2. This AC Setpoint watchdog timer requires different values to be written! So you can't just keep refresh/writing the same exact value in Watts. To resolve this, simply add a random number every time you write the register - I use [-1, 0, +1]. Another awesome feature by Victron that detects when the control loop still publishes data but the logic gets 'frozen' somehow. So this feature in is great at detecting that the mode 3 control loop logic is really alive.
  3. All the register indices are out by 1 in qModMaster. So for the AC Setpoint register (37), you actually need to read/write 'starting address' of 38. This is annoying, and not really documented anywhere. Not Victron's fault, its just a mismatch of industry standards. I'd say qModMaster should have an option for this really.
  4. Mode 3 is a *lot* easier than I thought it would be. Seriously. I was a bit concerned it would be far too low level, and I'd somehow wreck my MultiPlus or burn something out with it. When you're developing things make sure to set really low limits for things like charge/discharge/AC Setpoint so you can't accidentally command it to draw a massive amount from your batteries that would blow the fuse.

Lots more to improve in my control loop in future, but what I have now is better than I thought I'd have after less than a day of work.

Some pics...

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Moveable 4x12v Battery tray:

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Forgot to order a VE Direct cable...so DIY'd one:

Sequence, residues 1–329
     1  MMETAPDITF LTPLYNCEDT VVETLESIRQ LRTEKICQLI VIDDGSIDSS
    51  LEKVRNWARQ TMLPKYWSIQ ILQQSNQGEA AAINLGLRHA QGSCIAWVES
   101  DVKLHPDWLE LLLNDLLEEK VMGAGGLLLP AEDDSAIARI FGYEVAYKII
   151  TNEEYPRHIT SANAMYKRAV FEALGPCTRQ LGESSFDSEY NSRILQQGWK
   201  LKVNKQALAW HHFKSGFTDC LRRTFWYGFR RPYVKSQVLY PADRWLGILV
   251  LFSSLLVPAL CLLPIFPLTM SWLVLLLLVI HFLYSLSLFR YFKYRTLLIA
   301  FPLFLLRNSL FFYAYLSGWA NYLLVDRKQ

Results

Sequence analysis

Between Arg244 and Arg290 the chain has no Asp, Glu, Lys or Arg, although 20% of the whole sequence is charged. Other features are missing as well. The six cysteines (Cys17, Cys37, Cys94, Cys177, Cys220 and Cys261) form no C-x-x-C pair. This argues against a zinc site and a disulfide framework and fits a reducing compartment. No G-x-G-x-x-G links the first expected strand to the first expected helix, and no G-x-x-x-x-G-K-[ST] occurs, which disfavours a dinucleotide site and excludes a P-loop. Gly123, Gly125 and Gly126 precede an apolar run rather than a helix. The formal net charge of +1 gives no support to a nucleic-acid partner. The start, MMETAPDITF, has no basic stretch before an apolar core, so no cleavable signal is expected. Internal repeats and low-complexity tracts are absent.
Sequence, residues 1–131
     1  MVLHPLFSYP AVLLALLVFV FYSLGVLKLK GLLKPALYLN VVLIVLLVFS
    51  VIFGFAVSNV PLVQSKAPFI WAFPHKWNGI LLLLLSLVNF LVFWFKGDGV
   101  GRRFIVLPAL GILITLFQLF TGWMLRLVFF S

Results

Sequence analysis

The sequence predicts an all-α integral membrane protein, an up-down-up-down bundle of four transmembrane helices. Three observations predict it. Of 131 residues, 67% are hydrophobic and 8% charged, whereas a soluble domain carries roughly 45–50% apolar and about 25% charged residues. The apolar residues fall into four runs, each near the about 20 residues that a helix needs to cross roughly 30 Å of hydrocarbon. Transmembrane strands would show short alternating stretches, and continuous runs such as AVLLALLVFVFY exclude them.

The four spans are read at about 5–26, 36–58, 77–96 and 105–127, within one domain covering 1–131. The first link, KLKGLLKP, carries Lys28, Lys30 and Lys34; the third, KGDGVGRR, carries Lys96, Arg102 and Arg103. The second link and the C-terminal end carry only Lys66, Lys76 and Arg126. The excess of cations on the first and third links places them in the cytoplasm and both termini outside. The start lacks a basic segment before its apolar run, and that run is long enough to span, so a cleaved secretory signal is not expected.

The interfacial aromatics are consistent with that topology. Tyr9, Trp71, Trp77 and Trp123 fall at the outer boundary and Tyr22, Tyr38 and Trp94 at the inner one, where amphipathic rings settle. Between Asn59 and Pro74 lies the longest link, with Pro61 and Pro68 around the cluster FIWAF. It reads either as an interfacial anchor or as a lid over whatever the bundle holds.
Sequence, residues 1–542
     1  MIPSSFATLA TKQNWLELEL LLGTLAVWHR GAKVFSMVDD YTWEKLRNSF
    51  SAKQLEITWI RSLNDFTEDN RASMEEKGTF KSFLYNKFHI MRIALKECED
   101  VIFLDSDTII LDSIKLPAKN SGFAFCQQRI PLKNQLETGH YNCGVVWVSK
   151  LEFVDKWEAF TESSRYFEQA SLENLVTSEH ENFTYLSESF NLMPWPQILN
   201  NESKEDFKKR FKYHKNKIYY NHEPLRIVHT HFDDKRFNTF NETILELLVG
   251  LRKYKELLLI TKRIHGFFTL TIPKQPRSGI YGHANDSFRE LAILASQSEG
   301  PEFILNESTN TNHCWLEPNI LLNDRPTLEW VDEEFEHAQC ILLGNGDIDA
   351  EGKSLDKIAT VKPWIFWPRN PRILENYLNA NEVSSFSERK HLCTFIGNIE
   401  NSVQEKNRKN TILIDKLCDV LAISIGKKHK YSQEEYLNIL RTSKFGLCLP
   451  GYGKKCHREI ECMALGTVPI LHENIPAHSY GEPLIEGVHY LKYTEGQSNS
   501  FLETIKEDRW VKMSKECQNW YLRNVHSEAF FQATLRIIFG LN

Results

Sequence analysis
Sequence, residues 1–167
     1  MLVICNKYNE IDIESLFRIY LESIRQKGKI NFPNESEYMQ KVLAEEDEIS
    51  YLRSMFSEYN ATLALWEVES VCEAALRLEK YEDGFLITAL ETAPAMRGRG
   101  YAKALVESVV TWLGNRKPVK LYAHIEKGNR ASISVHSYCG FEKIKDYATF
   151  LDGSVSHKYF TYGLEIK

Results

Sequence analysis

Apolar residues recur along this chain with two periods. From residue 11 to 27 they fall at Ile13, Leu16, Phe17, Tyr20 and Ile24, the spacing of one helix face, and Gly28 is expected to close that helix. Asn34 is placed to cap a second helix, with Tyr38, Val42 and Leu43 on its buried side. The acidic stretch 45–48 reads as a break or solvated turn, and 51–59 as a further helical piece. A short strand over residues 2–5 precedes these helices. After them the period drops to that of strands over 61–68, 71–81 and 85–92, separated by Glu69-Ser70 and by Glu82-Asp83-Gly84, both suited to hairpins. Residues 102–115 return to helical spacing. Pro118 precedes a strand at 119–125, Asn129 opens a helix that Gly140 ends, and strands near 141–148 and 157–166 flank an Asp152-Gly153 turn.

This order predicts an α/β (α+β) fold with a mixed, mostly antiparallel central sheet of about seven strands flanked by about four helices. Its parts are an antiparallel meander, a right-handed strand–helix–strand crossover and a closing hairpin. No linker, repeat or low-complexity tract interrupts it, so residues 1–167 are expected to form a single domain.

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Extracts from my HASS config YAML files, for those who are interested

configuration_fragment.yaml.txt

automations_fragment.yaml.txt


Here's a quick paste of the main control loop YAML (included in the automations attachment):

(Triggered by meter update, conditional on boolean toggle switch)

service: input_number.set_value
data:
  entity_id: input_number.slider_multiplus_ac_setpoint
  value: >-
    {% if is_state('input_boolean.grid_neutral_toggle', 'on') %}
    {%  set grid = (states('sensor.home_energy_meter_gen5_electric_consumption_w')| float) %}
    {% set acsetpoint = (states('input_number.slider_multiplus_ac_setpoint')| float) %}
    {% set maxfeed = (states('input_number.slider_multiplus_max_feed')| float) %}
      {
                    { [0, ([maxfeed,
                 (0.15 * (grid+acsetpoint)) +
                 (0.85 * (acsetpoint| float))] |
            min)+ ([-1, 0, 1] | random)] | max | int}}
    {%- else -%}
    {[0, 1, 2] | random}}
    {% endif %}

That automation writes out to a slider. Another automation triggers off the change to the slider and writes via modbus:

service: modbus.write_register
data:
  address: 37
  slave: 228
  hub: victron
  value: >-
    {% set val = states('input_number.slider_multiplus_ac_setpoint') | int %}
    {% if val < 5 %}
      {
                    {0}}
    {% else %}
      {
                    {65536 - val | int}}
    {% endif %}

The forum's formatting corrupts the double-{ above, it adds a newline...you'll need to fix if you copy/paste.

This YAML isn't very "polished" yet, it is the product of a single late night coding, so probably not the best example to copy paste - use with caution ;-)

It doesn't even do export limitation yet - so I still allow excess PV to be exported to the grid. Easily avoidable by changing the range on the slider.